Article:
2. Experts can say considerably less about best practices for risk assessment at other stages in the juvenile justice process. because most of those adolescents are at low risk for reoffending. 3. Agencies can divert many youth while still protecting public safety. In our experience working with jurisdictions and state agencies to implement risk assessment tools. but they are not using it effectively. Baltimore. D. We have constructed this Guide to be useful to current risk assessment users and potential future users. For example. while others have not yet done so. as well as probation chiefs and agency administrators. This is because most of the research around implementation of risk assessment has been conducted in probation settings (which includes disposition). This Guide was constructed to be relevant for judges. Many adolescents who come into contact with the law will not reoffend even if they receive only minimal intervention. 1. or a jurisdiction or agency that is trying to identify a risk assessment tool to adopt. we have discovered many may already have a tool in place. Further. Most youth who offend are not chronic offenders. However. unnecessary institutional placements can cause harm to youth by putting them in close contact with more serious young offenders. the assessment gets completed for a youth but then it merely sits in the youth’s file until it is dusted off because it has to be completed again. The Guide covers everything from the basic concepts of risk assessment and how to select an evidence-based assessment tool. Each of these principles is grounded by research in social science. such as pre-trial detention or community re-entry. to training of staff and effective use of the assessment tool in court decision-making and case management practices. Institutional placements do not necessarily lead to better outcomes or reduce recidivism. the Guide does offer suggestions for modifying the procedures for other decision points in juvenile justice. This Guide largely focuses on the use of risk assessment tools at one stage in the juvenile justice process—juvenile probation and probation intake. 2 Steinhart. Simply selecting and adopting a risk assessment tool will not accomplish the desired objective unless it is implemented properly. 7 . Juvenile detention risk assessment: A practice guide to juvenile detention reform. district attorneys. Casey Foundation. and public defenders. Attorneys and judges may find the Attorneys’ and Judges’ Companion Guide to this manual to be more user-friendly. and most youths’ risk levels can be reduced.2 It should be noted that many of the concepts described in Chapter 2 are relevant to the creation of RAIs. (2006). 4. The concepts of youth development must be considered in the implementation of any type of assessment tool or case management approach in juvenile justice. So whether you are part of a jurisdiction or agency that already has a tool in place. We strongly encourage administrators to obtain the Attorneys’ and Judges’ Companion Guide for their stakeholders and also offer to share this complete Guide if they would like more information. Guiding Principles (This Companion Guide is under development and will be available soon.) Several guiding principles shaped the content of this Guide. most youths’ behaviors can be changed. MD: Anne E. juvenile justice agencies. you should find this Guide useful. Who Needs to Know about Risk Assessment? Many jurisdictions.Executive Summary about Risk Assessment Instruments (RAIs) for detention for more information. and practitioners have adopted risk assessment as a part of their practice.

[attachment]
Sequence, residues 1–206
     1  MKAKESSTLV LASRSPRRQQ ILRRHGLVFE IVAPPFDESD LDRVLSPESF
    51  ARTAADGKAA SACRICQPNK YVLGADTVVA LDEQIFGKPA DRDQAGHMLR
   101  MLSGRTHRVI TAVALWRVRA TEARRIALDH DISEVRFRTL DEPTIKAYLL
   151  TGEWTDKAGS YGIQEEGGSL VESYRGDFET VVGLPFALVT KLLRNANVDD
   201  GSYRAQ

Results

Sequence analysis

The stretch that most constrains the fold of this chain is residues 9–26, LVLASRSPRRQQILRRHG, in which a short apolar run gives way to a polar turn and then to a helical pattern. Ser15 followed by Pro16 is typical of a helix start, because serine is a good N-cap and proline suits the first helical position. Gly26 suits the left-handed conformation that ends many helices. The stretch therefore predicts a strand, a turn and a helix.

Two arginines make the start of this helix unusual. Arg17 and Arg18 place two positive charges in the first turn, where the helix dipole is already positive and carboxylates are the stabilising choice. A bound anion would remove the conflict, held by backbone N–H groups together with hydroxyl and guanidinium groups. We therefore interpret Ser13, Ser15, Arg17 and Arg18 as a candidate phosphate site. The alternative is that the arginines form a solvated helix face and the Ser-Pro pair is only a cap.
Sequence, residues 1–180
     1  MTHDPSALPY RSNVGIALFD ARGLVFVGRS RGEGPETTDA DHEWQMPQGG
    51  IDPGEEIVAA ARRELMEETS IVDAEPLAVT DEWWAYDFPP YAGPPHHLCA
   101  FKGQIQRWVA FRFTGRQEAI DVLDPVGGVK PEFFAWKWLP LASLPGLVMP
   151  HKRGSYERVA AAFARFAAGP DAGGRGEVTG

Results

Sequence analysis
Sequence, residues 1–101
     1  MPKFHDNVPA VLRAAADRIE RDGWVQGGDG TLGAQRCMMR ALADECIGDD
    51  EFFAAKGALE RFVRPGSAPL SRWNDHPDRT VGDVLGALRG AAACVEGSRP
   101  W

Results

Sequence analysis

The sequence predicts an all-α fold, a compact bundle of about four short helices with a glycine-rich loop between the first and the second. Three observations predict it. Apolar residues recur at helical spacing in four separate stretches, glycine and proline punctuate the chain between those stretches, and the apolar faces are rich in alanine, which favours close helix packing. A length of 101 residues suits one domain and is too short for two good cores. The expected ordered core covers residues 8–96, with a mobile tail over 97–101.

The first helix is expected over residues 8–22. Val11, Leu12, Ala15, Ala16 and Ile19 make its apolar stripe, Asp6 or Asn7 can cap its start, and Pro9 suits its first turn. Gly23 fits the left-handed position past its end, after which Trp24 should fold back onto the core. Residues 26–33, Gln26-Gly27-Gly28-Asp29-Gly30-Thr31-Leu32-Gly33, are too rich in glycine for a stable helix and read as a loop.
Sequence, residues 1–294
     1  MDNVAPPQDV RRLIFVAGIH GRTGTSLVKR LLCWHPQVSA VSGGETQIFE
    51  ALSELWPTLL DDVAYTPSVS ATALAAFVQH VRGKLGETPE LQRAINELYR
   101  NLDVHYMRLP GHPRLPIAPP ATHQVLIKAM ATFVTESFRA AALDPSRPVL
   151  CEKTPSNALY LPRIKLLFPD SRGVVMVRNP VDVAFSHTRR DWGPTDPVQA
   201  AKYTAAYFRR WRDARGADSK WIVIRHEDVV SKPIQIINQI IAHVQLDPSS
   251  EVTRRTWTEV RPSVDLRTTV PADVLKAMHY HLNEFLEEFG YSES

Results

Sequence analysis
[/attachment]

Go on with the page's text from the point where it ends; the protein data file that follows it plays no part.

All of these documents have been used with success in a number of states. The Guide contains several example documents in the Appendices located on the accompanying CD. provide definitions of risk assessment concepts. Step 4: Preparing Policies and Essential Documents Implementation of a risk assessment tool does not stop once an agency has selected the tool and trained staff how to complete it. 6. indeed. changeable risk factors and strengths. The chapter was included to be used as a reference. To best accomplish this. and presentation slides to educate stakeholders about the purpose and potential benefits of risk assessment. because research continually advances and often creates better methods. however. see third “FAQ” in Chapter 2). which includes a structured process regarding how the 8 Risk Assessment in Juvenile Justice: A Guidebook for Implementation . but some youth will. Chapter III is organized according to eight steps of implementation and the accompanying activities. This Guide does not provide recommendations for specific tools. Risk assessment tools should inform legal decision-making and offer additional grounds for decisions but should not replace legal decision-making. The steps of implementation are the following: Step 1: Getting Ready This step explains how to get the right team of people together and create an optimal system environment to allow the tool to operate effectively. such as the types of items found in the assessment tools. Most steps are required for effective implementation. it involves implementing an assessment system. require incarceration to protect public safety.. along with a description of some of the research evidence. Step 3: Select and Prepare the Risk Assessment Tool This step covers how to select the best risk assessment tool for your agency. The Guide instead provides case studies from states that implemented risk assessment tools statewide in their juvenile probation systems and points the reader to consultants and references where there is a listing of available risk assessment tools. risk assessment tools should contain both static as well as dynamic risk factors (also known as criminogenic needs factors. The introduction elaborates on many of the concepts described in this executive summary. based on the youth’s risk level. and give step-by-step guidance about how to implement a tool. review research evidence. Stakeholders should consider the multiple assessments many juvenile justice-involved youth receive from other agencies to discuss the overlap across tools and how to minimize over-assessing youth and families. 7. memoranda of agreements. Services and case planning should be as individualized as possible.g. service agencies) and staff members. templates for communicating risk assessment information in pre-dispositional reports. The mere fact that someone is high risk for reoffending does not mean that they must be incarcerated in order to protect public safety. Design of this Guide The chapters of this Guide detail the purpose and nature of risk assessment. some may not apply to all juvenile justice communities. Several strategies for training and dissemination of information about risk assessment are provided. Chapter II sets the stage by reviewing several concepts of risk assessment. and how to select an evidence-based assessment tool. Instead. Exemplars provided include office policy templates.Executive Summary 5. defense attorneys. judges. prosecutors. Step 2: Establishing Stakeholder and Staff Buy-In This step describes how to obtain buy-in from the essential stakeholders (e. Users are welcome to modify and implement these documents.